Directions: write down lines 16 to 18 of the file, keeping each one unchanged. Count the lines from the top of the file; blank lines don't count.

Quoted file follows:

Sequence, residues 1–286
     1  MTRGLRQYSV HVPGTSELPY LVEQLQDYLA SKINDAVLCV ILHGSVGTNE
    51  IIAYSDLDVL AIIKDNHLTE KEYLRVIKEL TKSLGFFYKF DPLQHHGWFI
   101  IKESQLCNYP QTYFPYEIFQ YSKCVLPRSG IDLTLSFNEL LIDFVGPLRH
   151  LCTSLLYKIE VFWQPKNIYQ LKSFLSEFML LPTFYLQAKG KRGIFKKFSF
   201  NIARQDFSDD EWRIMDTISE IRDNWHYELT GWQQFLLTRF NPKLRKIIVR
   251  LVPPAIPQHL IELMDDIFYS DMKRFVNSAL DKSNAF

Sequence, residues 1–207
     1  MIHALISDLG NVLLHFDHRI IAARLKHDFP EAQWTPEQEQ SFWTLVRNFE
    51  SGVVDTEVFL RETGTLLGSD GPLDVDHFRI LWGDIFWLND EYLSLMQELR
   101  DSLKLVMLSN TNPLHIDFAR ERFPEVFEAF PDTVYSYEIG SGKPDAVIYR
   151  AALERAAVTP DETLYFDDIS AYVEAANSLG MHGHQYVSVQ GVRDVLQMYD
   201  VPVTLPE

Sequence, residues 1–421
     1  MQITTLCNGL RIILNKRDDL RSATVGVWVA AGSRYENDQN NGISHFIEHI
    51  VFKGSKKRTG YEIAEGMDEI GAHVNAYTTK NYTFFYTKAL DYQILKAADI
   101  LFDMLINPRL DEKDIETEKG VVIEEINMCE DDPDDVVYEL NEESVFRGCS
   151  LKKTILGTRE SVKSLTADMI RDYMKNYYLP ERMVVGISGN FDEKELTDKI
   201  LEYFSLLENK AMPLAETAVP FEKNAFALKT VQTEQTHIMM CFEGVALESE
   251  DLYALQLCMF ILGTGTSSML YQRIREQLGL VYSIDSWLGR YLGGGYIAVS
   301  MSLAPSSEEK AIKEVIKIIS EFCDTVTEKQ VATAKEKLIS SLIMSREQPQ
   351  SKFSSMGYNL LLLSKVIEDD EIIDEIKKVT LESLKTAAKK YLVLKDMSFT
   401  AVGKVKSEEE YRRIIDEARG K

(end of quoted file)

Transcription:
    51  VFKGSKKRTG YEIAEGMDEI GAHVNAYTTK NYTFFYTKAL DYQILKAADI
   101  LFDMLINPRL DEKDIETEKG VVIEEINMCE DDPDDVVYEL NEESVFRGCS
   151  LKKTILGTRE SVKSLTADMI RDYMKNYYLP ERMVVGISGN FDEKELTDKI